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Motherhood Survival Tips - Top 10 Tips to minimize your Child’s Screen Time this Spring and Summer

Updated: Aug 14, 2020

I woke up this morning in disbelieve that we are already into the third month of the year. The weather is finally turning and the thoughts of strolling through the park, the beginning of the festival season, and trips to Smith Mountain Lake are on the horizon. We know how difficult it can be to transition from the winter months where you and the kids have been locked up in the house. In some cases, using WAAAY too much of TVs, iPhones, iPads, video games, etc.

DISCLOSURE: This information is not meant to be ALL encompassing and should NOT replace seeking advice from your health care provider for specific, questions, solutions, and concerns about your health! The purpose is to spark curiosity and gain some insight into your health. Recently, the American Association of Pediatricians changed their screen-time recommendations as they recognize that many children today use electronics to communicate and socialize. They now recommend limited “productive screen use.”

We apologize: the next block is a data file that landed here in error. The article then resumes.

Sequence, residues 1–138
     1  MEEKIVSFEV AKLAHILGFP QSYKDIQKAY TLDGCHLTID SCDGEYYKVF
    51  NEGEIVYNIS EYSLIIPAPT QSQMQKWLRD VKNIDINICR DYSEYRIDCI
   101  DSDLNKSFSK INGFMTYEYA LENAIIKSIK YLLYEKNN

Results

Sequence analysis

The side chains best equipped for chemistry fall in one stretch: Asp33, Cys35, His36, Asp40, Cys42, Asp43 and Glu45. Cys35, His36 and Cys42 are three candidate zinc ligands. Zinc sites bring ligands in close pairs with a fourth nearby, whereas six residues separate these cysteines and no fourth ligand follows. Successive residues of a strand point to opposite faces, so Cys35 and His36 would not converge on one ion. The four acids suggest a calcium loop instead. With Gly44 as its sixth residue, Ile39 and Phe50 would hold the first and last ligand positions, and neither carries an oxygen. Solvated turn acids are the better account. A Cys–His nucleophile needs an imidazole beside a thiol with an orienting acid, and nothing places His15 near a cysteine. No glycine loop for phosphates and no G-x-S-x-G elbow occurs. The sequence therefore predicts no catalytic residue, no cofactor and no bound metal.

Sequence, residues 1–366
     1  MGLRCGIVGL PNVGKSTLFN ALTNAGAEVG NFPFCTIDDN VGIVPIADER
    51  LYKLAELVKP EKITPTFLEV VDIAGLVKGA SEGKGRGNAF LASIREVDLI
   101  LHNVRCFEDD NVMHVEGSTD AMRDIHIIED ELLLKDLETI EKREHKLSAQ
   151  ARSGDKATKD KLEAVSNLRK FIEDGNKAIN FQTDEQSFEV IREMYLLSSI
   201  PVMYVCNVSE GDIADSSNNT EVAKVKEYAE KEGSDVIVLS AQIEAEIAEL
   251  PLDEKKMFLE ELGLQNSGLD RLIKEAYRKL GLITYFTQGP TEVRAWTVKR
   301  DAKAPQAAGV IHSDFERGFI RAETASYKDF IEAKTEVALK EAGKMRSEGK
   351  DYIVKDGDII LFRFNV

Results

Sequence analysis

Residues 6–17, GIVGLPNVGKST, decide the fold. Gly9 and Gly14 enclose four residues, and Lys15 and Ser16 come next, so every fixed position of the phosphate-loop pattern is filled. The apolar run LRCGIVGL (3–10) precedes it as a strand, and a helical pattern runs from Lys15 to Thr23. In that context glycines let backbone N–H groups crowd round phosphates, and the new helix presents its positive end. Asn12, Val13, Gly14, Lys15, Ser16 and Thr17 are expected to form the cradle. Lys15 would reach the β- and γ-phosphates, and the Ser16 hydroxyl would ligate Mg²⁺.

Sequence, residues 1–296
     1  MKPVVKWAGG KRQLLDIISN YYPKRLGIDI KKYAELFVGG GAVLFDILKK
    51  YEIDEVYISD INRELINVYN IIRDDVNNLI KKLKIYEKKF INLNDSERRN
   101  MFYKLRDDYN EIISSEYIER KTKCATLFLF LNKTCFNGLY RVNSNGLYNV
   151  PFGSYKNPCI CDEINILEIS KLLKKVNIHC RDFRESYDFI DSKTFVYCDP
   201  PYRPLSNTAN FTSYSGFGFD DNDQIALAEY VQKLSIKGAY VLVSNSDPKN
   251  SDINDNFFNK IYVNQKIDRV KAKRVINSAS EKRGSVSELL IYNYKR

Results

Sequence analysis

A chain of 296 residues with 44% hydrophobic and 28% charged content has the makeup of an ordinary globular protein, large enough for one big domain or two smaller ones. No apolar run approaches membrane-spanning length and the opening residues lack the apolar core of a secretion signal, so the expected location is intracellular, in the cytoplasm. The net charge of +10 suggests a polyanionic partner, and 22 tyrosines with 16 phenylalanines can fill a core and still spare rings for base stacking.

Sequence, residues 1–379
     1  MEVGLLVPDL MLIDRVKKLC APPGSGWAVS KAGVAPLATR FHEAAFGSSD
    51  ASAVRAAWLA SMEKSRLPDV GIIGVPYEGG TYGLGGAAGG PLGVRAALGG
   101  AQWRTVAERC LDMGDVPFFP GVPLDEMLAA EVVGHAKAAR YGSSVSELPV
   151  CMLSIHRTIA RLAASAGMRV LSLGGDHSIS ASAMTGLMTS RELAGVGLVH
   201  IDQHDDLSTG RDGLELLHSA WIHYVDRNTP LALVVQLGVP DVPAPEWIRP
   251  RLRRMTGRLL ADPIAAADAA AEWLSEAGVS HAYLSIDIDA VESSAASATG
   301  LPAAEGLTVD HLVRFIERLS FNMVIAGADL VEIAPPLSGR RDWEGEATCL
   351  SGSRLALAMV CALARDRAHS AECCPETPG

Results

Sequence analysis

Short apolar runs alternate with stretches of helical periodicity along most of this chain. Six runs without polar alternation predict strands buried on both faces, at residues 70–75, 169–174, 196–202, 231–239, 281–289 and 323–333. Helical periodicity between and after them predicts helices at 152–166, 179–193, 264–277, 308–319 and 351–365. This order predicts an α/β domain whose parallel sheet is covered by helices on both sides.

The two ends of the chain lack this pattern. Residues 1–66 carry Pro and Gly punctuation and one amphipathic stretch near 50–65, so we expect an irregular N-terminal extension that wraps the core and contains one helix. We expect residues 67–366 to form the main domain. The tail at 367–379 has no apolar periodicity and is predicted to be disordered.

• Kids < 6 years old watch an average of 2 hours of screen media a day.

  • Kids from 8-18 years old spend nearly 4-6 hours a day in front of the TV and an additional 2 hours on the computer! (WHEN DO THEY FIND THE TIME WITH SCHOOL.)

  • Recent studies show 8-18 years old spend an average of 7 hours and 38 minutes on all media forms throughout the day.

  • Notions of a link between increased screen time and increase the risk of childhood obesity.

  • Linked to increasing their risk of engaging in “risky behavior.”

  • Increased screen time has been linked to more aggressive behavior. Children act out what they see and it's important to mediate what their daily exposures are.


  1. SET an EXAMPLE (guilty as charged)- I know its hard Mamas but I am guilty of this one as well. Studies show that children tend to gravitate to modeling early behavior exposures from parents. Studies have shown that children who are around parents that read, tend to read more. Children whos parents are active in outdoor activities tend to enjoy outdoor activities themselves.